To call "The Doom That Came to Sarnath" a morality tale is probably simplistic. At the same time, Lovecraft is not at all subtle in his connecting the destruction of Ib with the later doom that befalls Sarnath. In any case, the story is luxuriously written, redolent with adjective-laden description that reminds a bit of Clark Ashton Smith, though utterly lacking in his black humor. Its almost Biblical rhythms and cadences practically demand that the story be read aloud. In the grand scheme of things, it's one of Lovecraft's minor works but it's nevertheless a successful one for which I have a strange affection.


  1. The Whelen cover for the Del Rey edition of The Doom That Came to Sarnath and Other Stories was very compelling to teenage me and it was the very first Lovecraft work that I owned and read. So glad I did.

  2. Dunsanian Lovecraft and Dreamquest are my favorite Lovecraft, by far.
    Polaris and the White Ship made a great impression on me as a kid.
    Even though Moorcock's distaste for Lovecraft is well documented, I wonder of there may be a connection between the White Ship and Sailors on the seas of Fate.

  3. A particular favorite of mine out of Lovecraft's body of work. It's satisfying to see the hateful xenophobes of Sarnath suffer an inexorable doom as a price for their misdeeds.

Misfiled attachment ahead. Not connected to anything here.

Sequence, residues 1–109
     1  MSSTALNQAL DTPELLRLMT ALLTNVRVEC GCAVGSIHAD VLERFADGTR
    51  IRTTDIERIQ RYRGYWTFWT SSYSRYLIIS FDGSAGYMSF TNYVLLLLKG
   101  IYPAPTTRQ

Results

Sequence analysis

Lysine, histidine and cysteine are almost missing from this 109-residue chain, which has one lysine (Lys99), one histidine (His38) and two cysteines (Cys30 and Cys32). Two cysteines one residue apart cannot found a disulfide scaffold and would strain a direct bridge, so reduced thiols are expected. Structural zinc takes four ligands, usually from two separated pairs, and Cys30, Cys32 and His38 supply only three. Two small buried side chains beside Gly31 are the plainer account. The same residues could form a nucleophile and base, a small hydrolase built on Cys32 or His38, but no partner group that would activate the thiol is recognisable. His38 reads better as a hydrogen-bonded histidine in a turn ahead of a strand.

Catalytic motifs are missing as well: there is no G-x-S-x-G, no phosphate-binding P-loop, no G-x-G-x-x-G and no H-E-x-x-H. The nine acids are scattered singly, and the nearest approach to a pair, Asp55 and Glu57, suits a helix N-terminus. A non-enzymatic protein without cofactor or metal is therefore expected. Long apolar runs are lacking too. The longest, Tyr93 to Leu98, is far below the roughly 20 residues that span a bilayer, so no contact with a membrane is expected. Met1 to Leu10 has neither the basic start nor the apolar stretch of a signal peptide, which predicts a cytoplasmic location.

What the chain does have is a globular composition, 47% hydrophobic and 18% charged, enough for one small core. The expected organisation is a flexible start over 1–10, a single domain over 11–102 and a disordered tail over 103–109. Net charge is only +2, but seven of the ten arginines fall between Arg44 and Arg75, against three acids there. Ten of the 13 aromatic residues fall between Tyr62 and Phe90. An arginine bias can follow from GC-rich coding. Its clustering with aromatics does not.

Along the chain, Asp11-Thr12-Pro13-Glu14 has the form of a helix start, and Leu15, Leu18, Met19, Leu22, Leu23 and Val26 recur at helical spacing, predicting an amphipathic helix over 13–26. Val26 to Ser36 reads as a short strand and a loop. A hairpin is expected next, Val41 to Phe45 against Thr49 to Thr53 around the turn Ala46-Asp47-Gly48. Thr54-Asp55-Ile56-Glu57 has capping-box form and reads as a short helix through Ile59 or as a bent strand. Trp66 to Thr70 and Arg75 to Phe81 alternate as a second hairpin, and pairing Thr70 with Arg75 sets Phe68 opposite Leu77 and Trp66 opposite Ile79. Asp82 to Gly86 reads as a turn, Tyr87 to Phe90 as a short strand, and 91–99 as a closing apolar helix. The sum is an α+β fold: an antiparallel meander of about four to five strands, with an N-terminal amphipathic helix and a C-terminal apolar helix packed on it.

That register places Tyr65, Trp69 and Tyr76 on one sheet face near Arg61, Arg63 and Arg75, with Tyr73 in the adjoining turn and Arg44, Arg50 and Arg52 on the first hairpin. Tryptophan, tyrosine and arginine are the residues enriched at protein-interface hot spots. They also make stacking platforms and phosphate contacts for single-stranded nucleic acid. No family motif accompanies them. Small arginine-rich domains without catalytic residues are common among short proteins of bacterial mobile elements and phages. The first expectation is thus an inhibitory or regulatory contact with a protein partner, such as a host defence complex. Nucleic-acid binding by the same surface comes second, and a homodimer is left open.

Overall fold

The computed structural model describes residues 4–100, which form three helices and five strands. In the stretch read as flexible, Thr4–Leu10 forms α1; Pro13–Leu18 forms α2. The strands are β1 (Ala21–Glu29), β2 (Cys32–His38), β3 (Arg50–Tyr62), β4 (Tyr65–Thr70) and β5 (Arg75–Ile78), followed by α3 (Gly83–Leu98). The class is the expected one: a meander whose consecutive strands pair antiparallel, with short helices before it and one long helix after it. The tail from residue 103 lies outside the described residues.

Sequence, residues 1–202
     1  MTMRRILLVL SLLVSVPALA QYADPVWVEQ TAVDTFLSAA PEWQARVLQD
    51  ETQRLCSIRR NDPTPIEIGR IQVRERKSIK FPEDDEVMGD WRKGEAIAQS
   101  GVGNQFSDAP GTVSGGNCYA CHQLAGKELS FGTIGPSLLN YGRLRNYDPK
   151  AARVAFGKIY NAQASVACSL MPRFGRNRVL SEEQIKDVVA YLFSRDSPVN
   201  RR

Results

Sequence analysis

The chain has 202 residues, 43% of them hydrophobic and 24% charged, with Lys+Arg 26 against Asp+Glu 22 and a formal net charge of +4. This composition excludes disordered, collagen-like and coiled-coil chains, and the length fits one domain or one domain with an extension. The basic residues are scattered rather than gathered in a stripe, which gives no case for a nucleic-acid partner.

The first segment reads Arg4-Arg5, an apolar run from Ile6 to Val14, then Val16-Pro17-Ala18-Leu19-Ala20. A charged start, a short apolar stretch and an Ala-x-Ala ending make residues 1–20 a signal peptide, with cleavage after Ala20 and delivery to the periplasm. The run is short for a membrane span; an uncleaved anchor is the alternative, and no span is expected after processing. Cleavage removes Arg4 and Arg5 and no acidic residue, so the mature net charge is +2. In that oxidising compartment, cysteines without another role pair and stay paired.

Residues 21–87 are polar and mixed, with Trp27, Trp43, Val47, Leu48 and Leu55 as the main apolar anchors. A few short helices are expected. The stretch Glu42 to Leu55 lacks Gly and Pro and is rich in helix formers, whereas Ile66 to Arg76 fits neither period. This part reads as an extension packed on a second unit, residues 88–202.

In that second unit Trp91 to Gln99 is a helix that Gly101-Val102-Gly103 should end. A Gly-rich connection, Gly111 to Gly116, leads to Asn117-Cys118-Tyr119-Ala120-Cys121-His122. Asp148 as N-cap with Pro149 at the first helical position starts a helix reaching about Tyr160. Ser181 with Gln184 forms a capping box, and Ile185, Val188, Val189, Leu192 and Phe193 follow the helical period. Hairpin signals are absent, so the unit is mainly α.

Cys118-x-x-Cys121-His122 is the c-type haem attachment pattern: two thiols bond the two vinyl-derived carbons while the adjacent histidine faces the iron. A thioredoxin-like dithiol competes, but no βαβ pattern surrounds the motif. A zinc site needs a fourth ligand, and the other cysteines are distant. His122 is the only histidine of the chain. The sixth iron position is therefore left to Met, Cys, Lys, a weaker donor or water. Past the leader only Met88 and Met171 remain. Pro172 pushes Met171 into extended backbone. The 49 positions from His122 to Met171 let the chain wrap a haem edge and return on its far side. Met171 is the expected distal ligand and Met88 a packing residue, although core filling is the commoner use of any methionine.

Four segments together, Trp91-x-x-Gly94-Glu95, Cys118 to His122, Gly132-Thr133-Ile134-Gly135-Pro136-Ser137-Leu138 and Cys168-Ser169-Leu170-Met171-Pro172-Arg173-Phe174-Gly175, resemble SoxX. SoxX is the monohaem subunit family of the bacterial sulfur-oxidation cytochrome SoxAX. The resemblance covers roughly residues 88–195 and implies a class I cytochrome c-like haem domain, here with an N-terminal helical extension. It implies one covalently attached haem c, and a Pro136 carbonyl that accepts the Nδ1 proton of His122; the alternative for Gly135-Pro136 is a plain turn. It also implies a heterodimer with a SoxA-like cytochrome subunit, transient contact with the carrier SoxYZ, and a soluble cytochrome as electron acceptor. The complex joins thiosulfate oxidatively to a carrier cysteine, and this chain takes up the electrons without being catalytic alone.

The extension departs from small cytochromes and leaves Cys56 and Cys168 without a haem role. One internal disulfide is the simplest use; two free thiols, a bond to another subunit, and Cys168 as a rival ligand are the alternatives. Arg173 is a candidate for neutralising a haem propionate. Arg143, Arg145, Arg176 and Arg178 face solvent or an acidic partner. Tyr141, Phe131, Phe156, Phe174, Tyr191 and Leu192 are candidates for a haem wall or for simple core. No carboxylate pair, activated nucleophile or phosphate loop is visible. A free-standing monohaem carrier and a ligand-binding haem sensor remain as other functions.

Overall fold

1. At a time when HPL is regarded by many as an irredeemable racist and xenophobe, this story is worth noting for its themes condemning colonial conquest and xenophobic aggression.

    2. "It's satisfying to see the hateful xenophobes of Sarnath suffer an inexorable doom as a price for their misdeeds."

      Except they don't. They live out the rest of their lives in luxury. The doom only happens a thousand years later.

    3. Indeed - "slowest doom ever" says Comic Book Guy from the Simpsons. 😁

  4. Not only Biblical rhythms, but echoes--the plundered statue parallels the story of the Philistines taking the Ark of the Covenant to the temple of Dagon. In this telling, though, the Dagon-figure is the spoils that turns out to have real power.

    Lovecraft's atheism brought him over and over again to a recurring theme: Religion is TERRIFYING when it isn't YOUR gods that turn out to be true.

  5. I really love Lovecrafts`s fantasy tales, especially Polaris, The Quest of Iranon, Celephais, White Ship, Cats of Ulthar -- actually I love them all. Some of them are like prose poems. And Lovecraft wrote some of them before even reading Dunsany. But maybe Dunsany got him interested in creating his own mythologies? In some way Lovecraft wanted to tie together his earlier fantasy stories with the Cthulhu Mythos, as in the Dream Quest of Unknown Kadath and when he mentions e.g. Lomar, Sarnath and Pnakotic Manuscripts in his later stories.

  6. One of my favorite Lovecraft stories.

    Alan Moore's Lovecraft-deconstructing comic series (The Courtyard, Neonomicon and Providence) cleverly solves the dichotomy of the "dream stores" occurring in the dreamlands AND in the past at the same time. Intriguing stuff.

  7. My first bit of D&D world-building, back in 1978, centered on a coastal city I called "Sarnath", named for this tale. Thank you for triggering that memory.